The School’s Professor Harald Haas is leading the University’s involvement in INITIATE, an EPSRC-funded project which has just opened a call for collaboration from third party projects to explore the future capabilities of the internet. INITIATE brings together the UK’s expertise in network research and innovation along with operational, state-of the-art facilities at five leading networking labs in the Universities of Bristol, Lancaster, Edinburgh and King’s College London as well as at Digital Catapult, London.
A team of engineering students and recent graduates have won the University’s Business Ideas Competition for Engineering Students and Graduates with their idea to improve public transport using a ‘big data’ analytics platform. The Business Ideas Competition is run annually by the University’s commercialisation service, Edinburgh Innovations, and invites student to pitch their business ideas and win up to £1,000 to launch them.
Energy networks need to co-operate more across electricity, gas, and heat according to the “Getting to Net Zero: the role of energy networks” report published on 26 November 2019. The Getting to Net Zero working group is a short-term working group convened by Energy at Edinburgh (University of Edinburgh), the Scottish Fuel Cells and Hydrogen Association, and the Centre for Energy Policy (Strathclyde University), with members drawn from the energy networks sector. The School's Professor Gareth Harrison sits on the expert group, whose membership is drawn from across the energy supply sector and academia in Scotland.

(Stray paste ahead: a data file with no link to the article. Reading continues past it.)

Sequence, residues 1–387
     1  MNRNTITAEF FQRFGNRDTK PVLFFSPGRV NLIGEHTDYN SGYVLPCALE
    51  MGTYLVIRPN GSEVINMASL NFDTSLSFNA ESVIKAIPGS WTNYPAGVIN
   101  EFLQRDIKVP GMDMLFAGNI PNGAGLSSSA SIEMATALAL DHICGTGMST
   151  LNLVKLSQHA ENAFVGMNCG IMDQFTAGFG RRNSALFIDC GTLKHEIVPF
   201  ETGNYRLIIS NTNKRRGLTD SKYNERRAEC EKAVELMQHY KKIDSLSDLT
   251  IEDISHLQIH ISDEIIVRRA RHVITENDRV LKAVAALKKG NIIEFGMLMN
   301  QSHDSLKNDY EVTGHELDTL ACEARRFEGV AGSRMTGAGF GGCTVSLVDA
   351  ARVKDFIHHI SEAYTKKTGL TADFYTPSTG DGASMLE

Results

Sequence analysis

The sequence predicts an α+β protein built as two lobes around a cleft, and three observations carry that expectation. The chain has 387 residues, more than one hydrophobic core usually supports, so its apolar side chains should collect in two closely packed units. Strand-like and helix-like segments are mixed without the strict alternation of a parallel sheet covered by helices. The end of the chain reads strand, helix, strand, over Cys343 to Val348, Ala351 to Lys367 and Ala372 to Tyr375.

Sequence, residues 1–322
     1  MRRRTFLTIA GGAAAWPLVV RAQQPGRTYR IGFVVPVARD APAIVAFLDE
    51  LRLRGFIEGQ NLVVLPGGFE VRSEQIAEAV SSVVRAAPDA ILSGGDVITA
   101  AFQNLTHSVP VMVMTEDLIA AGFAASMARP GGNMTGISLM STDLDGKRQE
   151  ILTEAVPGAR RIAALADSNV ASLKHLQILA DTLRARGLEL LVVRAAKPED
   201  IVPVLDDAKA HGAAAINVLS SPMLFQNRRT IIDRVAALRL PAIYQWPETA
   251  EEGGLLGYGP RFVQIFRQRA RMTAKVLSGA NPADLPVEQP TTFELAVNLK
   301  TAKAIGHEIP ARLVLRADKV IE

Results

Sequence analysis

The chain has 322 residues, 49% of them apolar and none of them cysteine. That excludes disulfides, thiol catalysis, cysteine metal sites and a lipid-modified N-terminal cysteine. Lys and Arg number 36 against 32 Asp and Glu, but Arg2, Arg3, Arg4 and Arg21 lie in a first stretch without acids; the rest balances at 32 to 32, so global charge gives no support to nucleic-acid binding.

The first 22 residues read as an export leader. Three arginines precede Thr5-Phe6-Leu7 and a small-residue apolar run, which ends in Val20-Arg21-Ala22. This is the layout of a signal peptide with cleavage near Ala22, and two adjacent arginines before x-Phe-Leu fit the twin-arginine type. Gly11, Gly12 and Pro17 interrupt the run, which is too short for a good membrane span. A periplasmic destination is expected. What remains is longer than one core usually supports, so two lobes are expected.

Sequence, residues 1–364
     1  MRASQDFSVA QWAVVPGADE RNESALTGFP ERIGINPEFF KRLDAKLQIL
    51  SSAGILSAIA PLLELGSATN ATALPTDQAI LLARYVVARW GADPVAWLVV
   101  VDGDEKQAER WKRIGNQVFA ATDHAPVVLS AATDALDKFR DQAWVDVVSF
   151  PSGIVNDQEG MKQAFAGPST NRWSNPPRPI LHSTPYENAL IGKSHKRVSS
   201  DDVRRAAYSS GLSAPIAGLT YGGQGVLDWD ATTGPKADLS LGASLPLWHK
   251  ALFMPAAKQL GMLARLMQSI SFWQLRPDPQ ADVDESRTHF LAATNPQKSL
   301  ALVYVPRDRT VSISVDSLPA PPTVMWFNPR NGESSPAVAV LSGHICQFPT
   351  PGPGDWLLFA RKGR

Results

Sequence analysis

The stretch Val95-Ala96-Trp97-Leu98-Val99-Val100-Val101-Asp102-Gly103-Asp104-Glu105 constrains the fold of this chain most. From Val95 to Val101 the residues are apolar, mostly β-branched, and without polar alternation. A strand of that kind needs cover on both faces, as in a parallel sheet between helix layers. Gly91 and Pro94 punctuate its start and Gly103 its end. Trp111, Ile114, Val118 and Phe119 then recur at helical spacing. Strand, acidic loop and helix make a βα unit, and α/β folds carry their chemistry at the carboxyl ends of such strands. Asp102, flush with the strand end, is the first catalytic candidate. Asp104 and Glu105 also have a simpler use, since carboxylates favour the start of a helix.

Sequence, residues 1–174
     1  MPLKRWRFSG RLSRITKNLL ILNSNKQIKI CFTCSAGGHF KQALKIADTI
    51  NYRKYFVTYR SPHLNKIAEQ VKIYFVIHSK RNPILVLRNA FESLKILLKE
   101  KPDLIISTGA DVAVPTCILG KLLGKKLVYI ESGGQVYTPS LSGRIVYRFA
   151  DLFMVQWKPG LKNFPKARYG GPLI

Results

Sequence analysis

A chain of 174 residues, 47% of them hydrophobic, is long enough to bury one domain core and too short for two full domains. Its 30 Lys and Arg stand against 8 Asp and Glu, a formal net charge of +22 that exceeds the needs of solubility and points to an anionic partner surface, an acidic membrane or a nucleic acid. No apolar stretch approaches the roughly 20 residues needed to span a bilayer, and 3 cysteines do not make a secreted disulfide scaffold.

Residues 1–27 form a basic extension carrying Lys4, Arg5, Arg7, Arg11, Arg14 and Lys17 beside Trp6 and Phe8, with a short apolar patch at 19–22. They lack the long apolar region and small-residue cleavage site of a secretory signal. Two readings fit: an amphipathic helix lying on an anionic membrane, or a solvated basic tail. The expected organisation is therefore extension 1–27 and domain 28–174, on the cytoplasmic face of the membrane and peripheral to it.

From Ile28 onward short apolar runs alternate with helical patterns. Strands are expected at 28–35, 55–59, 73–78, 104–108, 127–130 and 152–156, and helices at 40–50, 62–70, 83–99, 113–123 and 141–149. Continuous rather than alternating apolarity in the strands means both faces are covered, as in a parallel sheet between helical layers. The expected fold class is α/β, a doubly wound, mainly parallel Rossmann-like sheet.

Third year mechanical engineering student Maks Kozarzewski has been named in Forbes' '25 under 25' listing in Poland. He is one of just five young people listed in the ‘Innovation’ category for his work with the University’s student society HYPED. The list, which is compiled by Forbes magazine and McKinsey & Company Warsaw, seeks to identify rising stars with the potential to positively "influence the development of the Polish economy and society".
An international collaboration between the University of Edinburgh and the Pacific Northwest National Laboratory (PNNL), USA, has been developing and testing an instrument to improve the measurement of currents in fast-flowing ocean environments. The instrument promises to improve how we understand the effects of the marine environment on the performance of Ocean Renewable Energy (ORE) technologies and operations.